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ASPIRIN

Mechanism of Action
Description: Aspirin is an analgesic, anti-inflammatory and antipyretic. It inhibits cyclooxygenase, which is
responsible for the synthesis of prostaglandin and thromboxane. It also inhibits platelet aggregation.
Duration: 4-6 hr.
Pharmacokinetics:
Absorption: Rapidly absorbed from the GI tract (oral); less reliable (rectal); absorbed through the skin
(topical). Peak plasma concentrations after 1-2 hr.
Distribution: Widely distributed; crosses the placenta; enters breast milk. Protein-binding: 80-90%.
Metabolism: Hepatic; converted to metabolites.
Excretion: Via urine by glomerular filtration, active renal tubular secretion and passive tubular reabsorption (as
unchanged drug); via haemodialysis; 15-20 minutes (elimination half-life, parent drug).
MIMS Class
Nonsteroidal Anti-Inflammatory Drugs (NSAIDs) / Anticoagulants, Antiplatelets & Fibrinolytics (Thrombolytics)

ATROPINE
Mechanism of Action
Description: Atropine is an anticholinergic agent which competitively blocks the muscarinic receptors in
peripheral tissues such as the heart, intestines, bronchial muscles, iris and secretory glands. Some central
stimulation may occur. Atropine abolishes bradycardia and reduces heart block due to vagal activity. Smooth
muscles in the bronchi and gut are relaxed while glandular secretions are reduced. It also has mydriatic and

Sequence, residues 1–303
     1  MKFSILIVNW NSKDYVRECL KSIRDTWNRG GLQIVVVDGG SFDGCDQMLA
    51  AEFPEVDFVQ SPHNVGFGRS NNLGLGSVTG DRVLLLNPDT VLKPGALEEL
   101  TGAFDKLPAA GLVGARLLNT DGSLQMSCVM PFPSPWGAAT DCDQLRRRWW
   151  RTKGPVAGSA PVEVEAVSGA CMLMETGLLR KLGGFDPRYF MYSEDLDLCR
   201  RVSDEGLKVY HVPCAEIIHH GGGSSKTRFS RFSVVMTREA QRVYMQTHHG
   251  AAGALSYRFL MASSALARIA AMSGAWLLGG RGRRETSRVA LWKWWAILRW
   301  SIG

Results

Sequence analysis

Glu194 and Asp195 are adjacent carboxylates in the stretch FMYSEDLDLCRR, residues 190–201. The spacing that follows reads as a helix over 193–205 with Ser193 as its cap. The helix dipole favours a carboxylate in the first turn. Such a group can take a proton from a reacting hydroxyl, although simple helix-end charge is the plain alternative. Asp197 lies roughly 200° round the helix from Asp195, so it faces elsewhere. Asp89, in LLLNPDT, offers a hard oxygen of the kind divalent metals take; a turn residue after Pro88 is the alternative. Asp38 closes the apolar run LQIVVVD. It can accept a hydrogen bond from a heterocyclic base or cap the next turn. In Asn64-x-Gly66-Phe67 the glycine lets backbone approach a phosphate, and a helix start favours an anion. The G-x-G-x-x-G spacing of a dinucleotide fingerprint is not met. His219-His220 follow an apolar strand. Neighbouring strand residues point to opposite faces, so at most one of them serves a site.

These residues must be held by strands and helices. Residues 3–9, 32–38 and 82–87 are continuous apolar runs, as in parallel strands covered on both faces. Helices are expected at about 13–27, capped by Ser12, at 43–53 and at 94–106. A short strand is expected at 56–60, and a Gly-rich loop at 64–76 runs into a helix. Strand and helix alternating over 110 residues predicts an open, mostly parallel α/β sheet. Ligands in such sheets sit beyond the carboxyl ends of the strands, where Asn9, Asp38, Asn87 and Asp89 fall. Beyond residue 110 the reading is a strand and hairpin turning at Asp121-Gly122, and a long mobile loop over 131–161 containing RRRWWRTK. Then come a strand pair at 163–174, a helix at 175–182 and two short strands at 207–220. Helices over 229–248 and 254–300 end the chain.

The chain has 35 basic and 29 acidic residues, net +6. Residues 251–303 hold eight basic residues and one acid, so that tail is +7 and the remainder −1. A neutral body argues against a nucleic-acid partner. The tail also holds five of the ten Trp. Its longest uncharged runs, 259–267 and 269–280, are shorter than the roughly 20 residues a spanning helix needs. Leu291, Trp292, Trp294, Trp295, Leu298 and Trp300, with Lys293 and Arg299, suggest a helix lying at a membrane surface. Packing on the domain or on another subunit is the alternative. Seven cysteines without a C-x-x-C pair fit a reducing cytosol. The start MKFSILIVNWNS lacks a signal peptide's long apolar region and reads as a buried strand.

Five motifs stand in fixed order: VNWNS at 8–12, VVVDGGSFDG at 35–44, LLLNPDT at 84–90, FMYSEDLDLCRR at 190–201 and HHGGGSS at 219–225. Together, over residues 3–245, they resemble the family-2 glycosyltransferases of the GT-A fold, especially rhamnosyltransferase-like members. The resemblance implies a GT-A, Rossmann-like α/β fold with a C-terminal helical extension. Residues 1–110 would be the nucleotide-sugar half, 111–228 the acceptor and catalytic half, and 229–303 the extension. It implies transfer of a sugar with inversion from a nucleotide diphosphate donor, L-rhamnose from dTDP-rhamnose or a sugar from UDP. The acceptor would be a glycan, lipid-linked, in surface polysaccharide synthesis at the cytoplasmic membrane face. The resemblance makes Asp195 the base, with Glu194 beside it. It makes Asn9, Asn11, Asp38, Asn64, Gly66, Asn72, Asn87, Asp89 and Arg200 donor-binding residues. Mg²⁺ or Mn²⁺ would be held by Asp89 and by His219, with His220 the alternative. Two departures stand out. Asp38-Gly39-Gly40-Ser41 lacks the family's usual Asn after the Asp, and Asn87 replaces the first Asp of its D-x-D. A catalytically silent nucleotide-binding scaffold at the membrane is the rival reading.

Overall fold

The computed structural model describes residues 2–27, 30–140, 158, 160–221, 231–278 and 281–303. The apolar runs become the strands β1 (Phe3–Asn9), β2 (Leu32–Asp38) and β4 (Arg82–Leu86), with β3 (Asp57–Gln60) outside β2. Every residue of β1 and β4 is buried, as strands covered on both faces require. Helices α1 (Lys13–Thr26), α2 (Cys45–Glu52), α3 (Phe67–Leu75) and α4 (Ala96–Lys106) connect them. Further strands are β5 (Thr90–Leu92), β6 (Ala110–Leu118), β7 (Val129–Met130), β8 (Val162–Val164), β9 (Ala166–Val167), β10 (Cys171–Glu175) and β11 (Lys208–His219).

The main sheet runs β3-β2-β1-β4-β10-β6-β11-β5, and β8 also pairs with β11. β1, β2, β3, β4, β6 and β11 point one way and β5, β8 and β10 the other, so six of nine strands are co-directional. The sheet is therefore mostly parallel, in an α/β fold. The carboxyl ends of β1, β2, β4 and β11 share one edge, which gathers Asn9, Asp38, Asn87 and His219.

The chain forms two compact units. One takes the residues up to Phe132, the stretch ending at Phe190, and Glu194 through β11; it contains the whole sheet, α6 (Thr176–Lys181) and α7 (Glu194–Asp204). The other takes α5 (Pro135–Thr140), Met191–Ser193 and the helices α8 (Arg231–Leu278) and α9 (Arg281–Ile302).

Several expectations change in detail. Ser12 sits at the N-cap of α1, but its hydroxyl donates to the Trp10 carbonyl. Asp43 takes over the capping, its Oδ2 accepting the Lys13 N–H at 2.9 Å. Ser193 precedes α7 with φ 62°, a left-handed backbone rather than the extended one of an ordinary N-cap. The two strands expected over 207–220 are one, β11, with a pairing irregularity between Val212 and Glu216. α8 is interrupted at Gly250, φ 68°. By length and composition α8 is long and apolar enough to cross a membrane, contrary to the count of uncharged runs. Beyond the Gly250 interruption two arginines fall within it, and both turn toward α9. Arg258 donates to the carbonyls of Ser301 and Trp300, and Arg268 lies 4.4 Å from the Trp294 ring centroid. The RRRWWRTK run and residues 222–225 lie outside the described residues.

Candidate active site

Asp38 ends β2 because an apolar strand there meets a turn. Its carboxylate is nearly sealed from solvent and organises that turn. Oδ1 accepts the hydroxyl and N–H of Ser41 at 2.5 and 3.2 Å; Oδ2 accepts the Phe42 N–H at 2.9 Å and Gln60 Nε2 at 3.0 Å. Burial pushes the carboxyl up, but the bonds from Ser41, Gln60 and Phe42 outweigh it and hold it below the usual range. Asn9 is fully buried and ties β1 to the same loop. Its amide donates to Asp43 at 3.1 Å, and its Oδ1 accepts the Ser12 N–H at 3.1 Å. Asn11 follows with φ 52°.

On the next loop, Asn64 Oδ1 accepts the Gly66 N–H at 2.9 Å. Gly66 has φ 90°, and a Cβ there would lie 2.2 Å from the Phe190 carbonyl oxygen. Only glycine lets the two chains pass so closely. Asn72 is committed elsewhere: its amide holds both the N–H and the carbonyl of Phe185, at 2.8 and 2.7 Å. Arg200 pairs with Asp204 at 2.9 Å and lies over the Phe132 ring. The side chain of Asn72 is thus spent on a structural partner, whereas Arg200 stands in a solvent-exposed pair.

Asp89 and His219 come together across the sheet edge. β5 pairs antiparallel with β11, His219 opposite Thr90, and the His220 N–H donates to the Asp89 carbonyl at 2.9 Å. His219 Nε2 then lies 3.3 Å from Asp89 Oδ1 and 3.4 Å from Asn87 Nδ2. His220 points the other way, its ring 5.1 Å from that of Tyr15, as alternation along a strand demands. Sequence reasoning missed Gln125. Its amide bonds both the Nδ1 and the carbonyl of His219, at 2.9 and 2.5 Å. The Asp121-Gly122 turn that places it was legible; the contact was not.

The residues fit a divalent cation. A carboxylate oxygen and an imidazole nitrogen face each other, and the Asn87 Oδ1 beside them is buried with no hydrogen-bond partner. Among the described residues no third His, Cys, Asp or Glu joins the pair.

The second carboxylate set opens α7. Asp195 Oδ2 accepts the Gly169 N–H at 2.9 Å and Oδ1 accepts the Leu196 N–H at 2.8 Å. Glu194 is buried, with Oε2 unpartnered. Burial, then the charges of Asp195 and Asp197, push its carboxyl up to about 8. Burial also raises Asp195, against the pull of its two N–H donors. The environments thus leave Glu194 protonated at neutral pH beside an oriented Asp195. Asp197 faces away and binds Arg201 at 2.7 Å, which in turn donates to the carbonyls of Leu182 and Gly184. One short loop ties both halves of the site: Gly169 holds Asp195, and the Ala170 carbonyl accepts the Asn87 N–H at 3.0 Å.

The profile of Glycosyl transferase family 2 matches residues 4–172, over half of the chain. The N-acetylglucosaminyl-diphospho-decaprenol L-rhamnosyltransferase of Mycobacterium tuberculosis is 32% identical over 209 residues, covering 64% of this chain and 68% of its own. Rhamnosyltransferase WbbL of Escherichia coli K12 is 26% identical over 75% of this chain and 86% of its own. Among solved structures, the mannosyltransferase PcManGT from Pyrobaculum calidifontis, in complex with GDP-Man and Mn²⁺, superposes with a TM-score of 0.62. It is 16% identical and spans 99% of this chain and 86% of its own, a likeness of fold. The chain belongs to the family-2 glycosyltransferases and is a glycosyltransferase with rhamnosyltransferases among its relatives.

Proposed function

cycloplegic effect.
Pharmacokinetics:
Absorption: Readily absorbed from the GI tract; also absorbed from mucous membranes, eye, and through
intact skin.
Distribution: Distributes throughout the body and crosses the blood-brain barrier and placenta.
Metabolism: Incomplete metabolism in the liver.
Excretion: Excreted in urine as unchanged drug and metabolites. Half-life reported to be 4 hr.
MIMS Class
Mydriatic Drugs / Antispasmodics / Other Cardiovascular Drugs / Antidotes & Detoxifying Agents

CAPTOPRIL
Mechanism of Action
Description: Captopril competitively inhibits the conversion of angiotensin I (ATI) to angiotensin II (ATII), thus
resulting in reduced ATII levels and aldosterone secretion. It also increases plasma renin activity and
bradykinin levels. Reduction of ATII leads to decreased Na and water retention. This promotes vasodilation
and BP reduction.
Onset: 1-1.5 hr.
Pharmacokinetics:
Absorption: Rapidly absorbed from the GI tract (approx 60-75%). Reduced absorption w/ food. Time to peak
plasma concentration: Approx 1 hr.
Distribution: It crosses the placenta and enters breast milk (approx 1%). Plasma protein-binding: Approx 30%
(mainly albumin).
Excretion: Via urine (40-50% as unchanged drug, the rest as disulfide and other metabolites). Elimination halflife: 2-3 hr.
MIMS Class
ACE Inhibitors/Direct Renin Inhibitors

CLOPIDOGREL
Mechanism of Action
Description: Clopidogrel inhibits adenosine diphosphate (ADP) from binding to its receptor sites on the
platelets and subsequent activation of glycoprotein GP IIb/IIIa complex thus preventing fibrinogen binding,
platelet adhesion and aggregation.
Pharmacokinetics:
Absorption: Rapidly but incompletely absorbed from the GI tract (oral).
Distribution: Protein-binding: Extensive.
Metabolism: Hepatic: Extensive; converted to inactive carboxylic acid derivative and thiol derivative (active).
Excretion: Via urine and faeces (as metabolites and unchanged drug).
MIMS Class
Anticoagulants, Antiplatelets & Fibrinolytics (Thrombolytics)

FUROSEMIDE
Mechanism of Action
Description: Furosemide inhibits reabsorption of Na and chloride mainly in the medullary portion of the
ascending Loop of Henle. Excretion of potassium and ammonia is also increased while uric acid excretion is